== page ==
Earlier this year, the Government legislated net-zero targets for the UK, targeting net zero by 2050; in order to achieve this aim and help alleviate homes from fuel poverty, policies on energy and energy efficiency for new and existing buildings must be aligned. Targets need to be matched against actionable plans and policies, focusing first and foremost on the more challenging areas of the building stock that are currently big contributors towards climate change, expensive to heat and affecting the health and lives of those who occupy them.
Given that around 40% of carbon emissions are attributable to the use of buildings, improving the thermal efficiency of the 29 million existing homes across the UK is critical to achieving these targets. Our homes and the buildings we work in require urgent attention.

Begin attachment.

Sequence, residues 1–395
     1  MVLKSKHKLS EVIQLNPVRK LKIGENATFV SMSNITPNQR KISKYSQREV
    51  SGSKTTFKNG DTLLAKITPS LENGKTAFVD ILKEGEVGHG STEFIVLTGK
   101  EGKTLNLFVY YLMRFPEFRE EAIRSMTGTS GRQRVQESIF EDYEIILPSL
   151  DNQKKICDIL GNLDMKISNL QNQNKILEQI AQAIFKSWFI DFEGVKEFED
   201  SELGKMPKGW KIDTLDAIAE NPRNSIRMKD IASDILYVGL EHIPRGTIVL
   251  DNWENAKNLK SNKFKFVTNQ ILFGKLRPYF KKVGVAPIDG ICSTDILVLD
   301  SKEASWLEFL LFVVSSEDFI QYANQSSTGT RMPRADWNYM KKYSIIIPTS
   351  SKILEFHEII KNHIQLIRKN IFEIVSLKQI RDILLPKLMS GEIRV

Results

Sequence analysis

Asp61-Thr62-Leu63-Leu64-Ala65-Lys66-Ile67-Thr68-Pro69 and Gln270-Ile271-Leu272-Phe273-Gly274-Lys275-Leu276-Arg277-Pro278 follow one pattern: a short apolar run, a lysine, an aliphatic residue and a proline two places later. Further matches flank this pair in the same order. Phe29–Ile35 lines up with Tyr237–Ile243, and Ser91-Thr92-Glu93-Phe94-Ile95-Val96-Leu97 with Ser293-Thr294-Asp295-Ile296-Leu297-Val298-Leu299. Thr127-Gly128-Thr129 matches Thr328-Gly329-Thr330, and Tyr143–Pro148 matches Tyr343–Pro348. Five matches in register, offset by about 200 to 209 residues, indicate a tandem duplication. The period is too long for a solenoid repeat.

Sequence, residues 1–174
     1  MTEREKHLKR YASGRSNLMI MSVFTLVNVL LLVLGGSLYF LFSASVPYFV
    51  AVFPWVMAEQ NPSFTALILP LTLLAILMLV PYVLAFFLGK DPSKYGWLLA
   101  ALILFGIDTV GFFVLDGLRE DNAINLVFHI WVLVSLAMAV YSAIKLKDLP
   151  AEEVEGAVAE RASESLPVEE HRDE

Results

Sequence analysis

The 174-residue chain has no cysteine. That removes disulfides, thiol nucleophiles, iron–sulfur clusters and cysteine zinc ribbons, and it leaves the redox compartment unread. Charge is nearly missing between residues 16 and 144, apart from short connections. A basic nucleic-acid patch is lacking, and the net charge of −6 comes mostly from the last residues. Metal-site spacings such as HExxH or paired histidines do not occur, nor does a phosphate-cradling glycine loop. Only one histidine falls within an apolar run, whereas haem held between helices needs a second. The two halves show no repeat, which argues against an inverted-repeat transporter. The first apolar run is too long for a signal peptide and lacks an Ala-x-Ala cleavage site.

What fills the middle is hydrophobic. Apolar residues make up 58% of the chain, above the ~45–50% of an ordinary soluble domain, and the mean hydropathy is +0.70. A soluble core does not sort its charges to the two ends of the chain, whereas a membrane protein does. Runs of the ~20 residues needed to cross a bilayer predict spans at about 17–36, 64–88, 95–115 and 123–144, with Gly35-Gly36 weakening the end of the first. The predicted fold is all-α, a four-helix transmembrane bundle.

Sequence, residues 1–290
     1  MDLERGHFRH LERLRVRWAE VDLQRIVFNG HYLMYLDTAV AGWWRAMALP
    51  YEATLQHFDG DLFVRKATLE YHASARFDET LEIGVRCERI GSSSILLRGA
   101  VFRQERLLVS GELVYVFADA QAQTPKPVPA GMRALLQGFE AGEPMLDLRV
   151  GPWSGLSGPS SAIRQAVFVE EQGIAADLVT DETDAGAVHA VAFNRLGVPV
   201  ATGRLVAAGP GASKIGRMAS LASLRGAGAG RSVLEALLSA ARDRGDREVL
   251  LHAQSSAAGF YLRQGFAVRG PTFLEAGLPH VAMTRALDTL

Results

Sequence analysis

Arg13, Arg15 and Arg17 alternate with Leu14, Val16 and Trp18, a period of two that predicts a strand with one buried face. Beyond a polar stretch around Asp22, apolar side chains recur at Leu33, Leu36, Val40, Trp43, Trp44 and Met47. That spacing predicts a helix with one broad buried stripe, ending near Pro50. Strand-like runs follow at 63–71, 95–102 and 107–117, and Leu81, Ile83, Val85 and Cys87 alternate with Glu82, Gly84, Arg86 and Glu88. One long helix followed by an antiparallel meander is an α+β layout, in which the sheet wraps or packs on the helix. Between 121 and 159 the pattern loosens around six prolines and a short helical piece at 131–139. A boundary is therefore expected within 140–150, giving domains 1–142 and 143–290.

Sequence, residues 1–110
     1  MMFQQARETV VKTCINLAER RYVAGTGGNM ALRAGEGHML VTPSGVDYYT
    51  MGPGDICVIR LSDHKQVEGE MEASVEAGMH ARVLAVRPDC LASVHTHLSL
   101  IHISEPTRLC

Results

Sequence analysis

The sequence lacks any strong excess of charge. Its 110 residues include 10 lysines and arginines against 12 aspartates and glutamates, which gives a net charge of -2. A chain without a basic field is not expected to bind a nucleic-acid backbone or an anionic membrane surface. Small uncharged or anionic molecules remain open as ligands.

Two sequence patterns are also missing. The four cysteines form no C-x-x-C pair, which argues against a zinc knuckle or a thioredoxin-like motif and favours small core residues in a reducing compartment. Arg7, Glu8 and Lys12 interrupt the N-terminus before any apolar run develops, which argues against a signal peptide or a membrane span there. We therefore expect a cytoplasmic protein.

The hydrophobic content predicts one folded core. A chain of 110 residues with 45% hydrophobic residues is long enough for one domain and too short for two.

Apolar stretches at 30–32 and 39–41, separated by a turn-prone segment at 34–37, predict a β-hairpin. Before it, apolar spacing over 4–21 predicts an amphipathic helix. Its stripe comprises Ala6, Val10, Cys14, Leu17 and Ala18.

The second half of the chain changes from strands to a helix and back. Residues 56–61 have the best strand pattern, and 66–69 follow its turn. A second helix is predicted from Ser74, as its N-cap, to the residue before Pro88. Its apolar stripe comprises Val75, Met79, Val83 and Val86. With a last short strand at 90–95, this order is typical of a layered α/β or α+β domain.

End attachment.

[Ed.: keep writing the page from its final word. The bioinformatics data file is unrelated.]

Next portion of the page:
Our buildings also have a direct impact on the lives of those inhabiting them, in some cases pulling people into fuel poverty or exposing them to health risk. The average 41,000 cold-related deaths in the country is an obvious cause for concern given that many of these cases could have been prevented through improvements to the thermal performance of the housing stock. Recent research by RAND[i] has shown that 26 million children across Europe live in damp, cold, dark or noisy homes which places them at “higher risk of experiencing health problems” such as asthma, bronchitis and pneumonia; this equates to one in three European children. We urgently need to act to reduce the incidence of people living in these unhealthy homes and conditions.
The Department for Business Energy and Industrial Strategy (BEIS) recently consulted on England’s Fuel Poverty Strategy and it was satisfying to see proposals aligning that policy with the recent net zero commitments.